When the company carries out manufacturing, you can influence the turnover by scheduling deliveries. If the delivery is made before the end of the financial year, the profit is recognised as income. If the delivery is only made after the end of the financial year, the product is included in the inventory as an acquisition cost. Playing around with the invoicing date does not help; the important thing is the date of delivery. In practice, this means, for instance, that if the customer is fine with the goods being delivered on the second week of January instead of the last week of December, a bit of the result can be transferred to the next year.

2. Change in the value of inventories

You can influence the result by changing the inventory valuation method. The selected method may have a significant impact on the value of the inventory. There must be reasons for the change, and it must be a long-term solution. Expanding the business is often a good reason for changing the valuation method. The company can also take indirect procurement and manufacturing costs, such as transport and insurance costs, into account in the value of the inventory. The interest of a loan related to production can also be included in the value of the inventory. Taking such costs into account requires drawing up cost estimates.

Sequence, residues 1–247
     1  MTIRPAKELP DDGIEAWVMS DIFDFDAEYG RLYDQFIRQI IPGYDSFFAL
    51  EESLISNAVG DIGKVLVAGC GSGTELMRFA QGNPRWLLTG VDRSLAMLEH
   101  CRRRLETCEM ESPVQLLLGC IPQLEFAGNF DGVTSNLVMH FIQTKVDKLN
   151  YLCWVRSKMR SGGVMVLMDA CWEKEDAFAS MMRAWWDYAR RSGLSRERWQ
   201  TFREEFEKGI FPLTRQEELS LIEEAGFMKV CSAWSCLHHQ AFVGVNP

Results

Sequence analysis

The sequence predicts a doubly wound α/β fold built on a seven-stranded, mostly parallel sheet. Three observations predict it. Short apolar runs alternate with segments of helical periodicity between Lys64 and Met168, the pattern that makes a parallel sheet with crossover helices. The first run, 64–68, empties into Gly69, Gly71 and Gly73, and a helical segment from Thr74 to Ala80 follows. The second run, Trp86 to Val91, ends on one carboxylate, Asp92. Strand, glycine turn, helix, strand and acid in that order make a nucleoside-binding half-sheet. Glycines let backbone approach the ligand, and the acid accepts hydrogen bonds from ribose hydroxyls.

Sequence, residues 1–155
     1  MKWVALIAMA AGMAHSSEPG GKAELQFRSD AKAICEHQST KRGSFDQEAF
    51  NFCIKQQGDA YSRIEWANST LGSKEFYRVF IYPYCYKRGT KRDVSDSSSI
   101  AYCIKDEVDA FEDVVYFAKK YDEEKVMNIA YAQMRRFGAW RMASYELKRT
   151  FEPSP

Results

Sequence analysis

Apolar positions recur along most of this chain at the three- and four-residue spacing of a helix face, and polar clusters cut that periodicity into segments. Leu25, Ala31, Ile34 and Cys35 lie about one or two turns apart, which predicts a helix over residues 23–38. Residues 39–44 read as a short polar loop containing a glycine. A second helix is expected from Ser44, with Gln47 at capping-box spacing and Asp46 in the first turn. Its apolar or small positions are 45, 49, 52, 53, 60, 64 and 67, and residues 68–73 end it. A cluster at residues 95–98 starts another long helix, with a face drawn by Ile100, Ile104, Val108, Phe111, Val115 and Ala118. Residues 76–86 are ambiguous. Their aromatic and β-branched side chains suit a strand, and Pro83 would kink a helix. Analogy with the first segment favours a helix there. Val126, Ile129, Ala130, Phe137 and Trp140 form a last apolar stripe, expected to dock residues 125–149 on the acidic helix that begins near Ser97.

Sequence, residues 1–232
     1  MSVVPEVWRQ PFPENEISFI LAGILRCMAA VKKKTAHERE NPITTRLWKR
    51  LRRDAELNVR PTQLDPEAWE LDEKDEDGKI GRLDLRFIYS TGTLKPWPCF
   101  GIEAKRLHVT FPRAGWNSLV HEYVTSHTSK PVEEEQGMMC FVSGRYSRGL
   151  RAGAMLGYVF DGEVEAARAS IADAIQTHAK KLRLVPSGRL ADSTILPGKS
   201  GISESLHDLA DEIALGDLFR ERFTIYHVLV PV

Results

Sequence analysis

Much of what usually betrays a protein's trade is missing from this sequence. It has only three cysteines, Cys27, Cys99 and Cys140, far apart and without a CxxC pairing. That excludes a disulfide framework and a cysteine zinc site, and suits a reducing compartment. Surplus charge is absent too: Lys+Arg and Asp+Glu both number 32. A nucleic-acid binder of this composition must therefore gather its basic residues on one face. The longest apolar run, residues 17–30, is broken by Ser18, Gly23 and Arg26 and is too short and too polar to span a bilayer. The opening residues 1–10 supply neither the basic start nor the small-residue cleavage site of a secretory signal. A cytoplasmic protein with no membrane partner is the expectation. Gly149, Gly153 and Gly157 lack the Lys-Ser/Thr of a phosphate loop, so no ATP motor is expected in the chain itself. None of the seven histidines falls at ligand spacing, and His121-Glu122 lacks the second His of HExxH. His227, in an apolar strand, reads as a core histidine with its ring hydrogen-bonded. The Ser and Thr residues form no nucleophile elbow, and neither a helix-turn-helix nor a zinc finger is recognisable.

3. Transferring purchases

If the past year has been poor, transferring purchases to the next financial year may help with improving the result of small companies in particular. In contrast, if the result needs to be reduced, making some future purchases earlier can be considered.